Boy first in Queensland to receive groundbreaking treatment
FOUR-YEAR-OLD Sam Voss has become the first person in Queensland to undergo groundbreaking medical treatment to extend his life expectancy, after receiving a terminal diagnosis.
Parents Sharon and Brendan Voss have watched their once vibrant little boy deteriorate in front of their eyes during the past six months causing unimaginable heartbreak as they come to terms with the incredibly rare diagnosis of batten disease, a fatal neurodegenerative disorder.
It was initially thought to be epilepsy. Mr Voss said medical staff at their local hospital in Mount Isa were at a loss after six months of trialling medication that was having no effect on Sam's condition.
"I think we got up to trialling five or six medications," Mr Voss said.
"No one in Queensland could figure it out so they had to send DNA tests to America to get answers."
Three months ago the parents were told by doctors in Brisbane via video link their little boy had batten disease and would have a life expectancy of about 10 years old.
Mrs Voss recalls the heartbreaking moment.
"It was absolutely harrowing, after they said terminal I just switched off," Mrs Voss said.
"It was like my heart was ripped from my chest."
Queensland Children's Hospital paediatric neurologist Stephen Malone has been managing Sam's care and said the rare disease affects the nervous system until the body eventually shuts down.
"Children with this devastating and rare disease typically show symptoms by age two to four years, and progressively lose motor and language skills, and develop seizures which may be difficult to treat. Over time children become wheelchair-bound, lose vision, and typically die in the teenage years," Dr Malone said.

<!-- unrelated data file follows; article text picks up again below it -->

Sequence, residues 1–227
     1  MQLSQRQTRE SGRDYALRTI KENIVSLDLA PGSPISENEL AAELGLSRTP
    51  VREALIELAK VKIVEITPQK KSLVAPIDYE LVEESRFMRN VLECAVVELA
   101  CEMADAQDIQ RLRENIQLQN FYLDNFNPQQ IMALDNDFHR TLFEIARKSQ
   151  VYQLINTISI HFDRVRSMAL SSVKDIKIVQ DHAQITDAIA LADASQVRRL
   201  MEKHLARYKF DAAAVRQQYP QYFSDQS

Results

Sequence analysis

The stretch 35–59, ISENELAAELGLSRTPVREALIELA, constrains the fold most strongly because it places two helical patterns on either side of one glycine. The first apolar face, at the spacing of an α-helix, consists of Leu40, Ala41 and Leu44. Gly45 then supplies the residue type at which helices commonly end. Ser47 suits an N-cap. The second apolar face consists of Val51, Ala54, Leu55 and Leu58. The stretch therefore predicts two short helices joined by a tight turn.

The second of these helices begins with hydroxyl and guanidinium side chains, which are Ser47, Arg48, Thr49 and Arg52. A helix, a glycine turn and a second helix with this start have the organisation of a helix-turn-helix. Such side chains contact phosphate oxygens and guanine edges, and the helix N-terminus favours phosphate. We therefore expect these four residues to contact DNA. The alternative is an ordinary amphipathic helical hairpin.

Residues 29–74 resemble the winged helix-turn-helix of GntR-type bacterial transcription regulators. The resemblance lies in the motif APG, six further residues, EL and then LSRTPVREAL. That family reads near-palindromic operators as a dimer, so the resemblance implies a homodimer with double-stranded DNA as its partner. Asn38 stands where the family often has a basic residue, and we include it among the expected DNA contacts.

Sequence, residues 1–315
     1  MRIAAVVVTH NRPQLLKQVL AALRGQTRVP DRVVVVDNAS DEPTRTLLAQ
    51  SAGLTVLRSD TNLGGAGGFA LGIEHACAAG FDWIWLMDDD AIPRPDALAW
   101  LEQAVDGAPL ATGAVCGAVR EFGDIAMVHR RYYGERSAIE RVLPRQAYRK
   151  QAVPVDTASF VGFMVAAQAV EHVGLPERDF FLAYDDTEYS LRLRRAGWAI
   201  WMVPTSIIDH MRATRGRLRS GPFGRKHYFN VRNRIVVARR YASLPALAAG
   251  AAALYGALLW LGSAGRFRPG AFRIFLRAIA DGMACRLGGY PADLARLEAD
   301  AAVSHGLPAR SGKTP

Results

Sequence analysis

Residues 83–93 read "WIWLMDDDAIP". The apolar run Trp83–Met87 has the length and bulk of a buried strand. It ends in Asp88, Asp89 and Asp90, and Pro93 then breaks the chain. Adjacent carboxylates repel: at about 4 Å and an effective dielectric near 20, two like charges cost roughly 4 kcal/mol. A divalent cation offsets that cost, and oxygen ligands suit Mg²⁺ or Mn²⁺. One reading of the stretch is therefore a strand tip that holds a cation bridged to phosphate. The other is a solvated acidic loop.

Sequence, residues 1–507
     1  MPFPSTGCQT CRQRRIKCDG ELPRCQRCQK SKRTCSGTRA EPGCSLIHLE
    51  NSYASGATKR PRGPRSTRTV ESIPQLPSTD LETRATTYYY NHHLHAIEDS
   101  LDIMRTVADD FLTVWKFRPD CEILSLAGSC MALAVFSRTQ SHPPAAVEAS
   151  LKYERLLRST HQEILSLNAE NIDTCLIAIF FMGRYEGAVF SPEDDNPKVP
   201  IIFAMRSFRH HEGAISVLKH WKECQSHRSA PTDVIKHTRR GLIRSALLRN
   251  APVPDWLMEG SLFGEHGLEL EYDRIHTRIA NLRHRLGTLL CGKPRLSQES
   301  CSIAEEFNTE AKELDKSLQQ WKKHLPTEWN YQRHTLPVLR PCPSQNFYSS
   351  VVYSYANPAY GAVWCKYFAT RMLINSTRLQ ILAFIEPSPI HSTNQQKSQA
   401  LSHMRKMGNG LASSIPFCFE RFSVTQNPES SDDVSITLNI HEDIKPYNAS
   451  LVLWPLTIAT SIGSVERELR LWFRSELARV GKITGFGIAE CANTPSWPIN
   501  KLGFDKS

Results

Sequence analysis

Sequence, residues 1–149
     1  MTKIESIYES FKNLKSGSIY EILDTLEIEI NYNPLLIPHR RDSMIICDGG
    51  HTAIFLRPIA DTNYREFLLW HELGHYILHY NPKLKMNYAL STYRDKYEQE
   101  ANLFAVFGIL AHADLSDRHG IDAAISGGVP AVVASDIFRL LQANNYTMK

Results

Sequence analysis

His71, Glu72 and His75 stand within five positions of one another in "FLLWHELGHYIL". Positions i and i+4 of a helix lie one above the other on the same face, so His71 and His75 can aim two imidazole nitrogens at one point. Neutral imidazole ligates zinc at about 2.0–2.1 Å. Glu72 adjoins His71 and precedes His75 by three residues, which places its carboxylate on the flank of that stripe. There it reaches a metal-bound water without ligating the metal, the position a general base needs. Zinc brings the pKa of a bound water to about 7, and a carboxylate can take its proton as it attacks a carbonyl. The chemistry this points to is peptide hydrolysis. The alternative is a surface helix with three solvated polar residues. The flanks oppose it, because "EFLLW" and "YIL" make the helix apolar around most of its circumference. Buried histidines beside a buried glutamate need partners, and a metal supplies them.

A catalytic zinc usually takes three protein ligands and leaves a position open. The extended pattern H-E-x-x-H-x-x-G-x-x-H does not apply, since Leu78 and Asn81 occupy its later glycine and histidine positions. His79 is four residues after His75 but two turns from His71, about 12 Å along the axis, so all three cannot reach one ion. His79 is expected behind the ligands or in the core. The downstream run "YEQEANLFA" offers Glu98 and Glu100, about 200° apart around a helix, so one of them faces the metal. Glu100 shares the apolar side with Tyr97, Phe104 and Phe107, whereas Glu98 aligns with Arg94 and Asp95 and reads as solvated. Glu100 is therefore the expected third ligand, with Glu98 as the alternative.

In a small piece of luck for the Voss family a new drug treatment was released on the market in Australia only a month before their diagnosis, but with little testing the family had to decide if they wanted to pursue it.
"They did say to us you have to think about it long and hard but what is there to think about when there's no other option," Mrs Voss said.
"The longer they can keep him here the better, it could be six to 12 months we don't know."
Dr Malone said Sam had to travel to Brisbane every 14 days to receive the invasive treatment from a specialist medical team.
"The problem with the condition is that it's a lack of a special enzyme in the brain and the eye," he said
"You need to be able to give the brain back this enzyme to function, and to do that we have to deliver the enzyme directly into the brain, rather than giving it by mouth or into the bloodstream.
"To do that the neurosurgeons have to implant a catheter into the brain, that stays in and is accessed by our team every two weeks to deliver the treatment."
Dr Malone said although Sam's condition could never be reversed the purpose of the treatment was to slow down his terminal diagnosis.
"It doesn't necessarily improve someone with the disease, but it significantly slows the progression.
"We would hope this treatment would give a stability to his condition and with time there may be other therapeutic options. At this stage it's the only viable option for Sam."
The family's life has been turned completely upside down with mum Sharon having to return to work to cover financial costs while dad Brendan has become a full time carer for Sam who now has the mental capacity of a 12-month-old, which is the same age as their youngest son Elijah.
"Sammy is in his little bubbl. He doesn't know any better, he's quite happy. But we know what he was like before and that's heartbreaking, Elijah now speaks more than he does," he said.
"He's the best he's going to be right now and he's only going to get worse.
"The worst thing is Sam's still here and we're mourning him like he's gone. All we have is hope."
>>A GoFundMe Page has been set up to help the family with ongoing medical costs. Visit www.gofundme.com/sammysfight to donate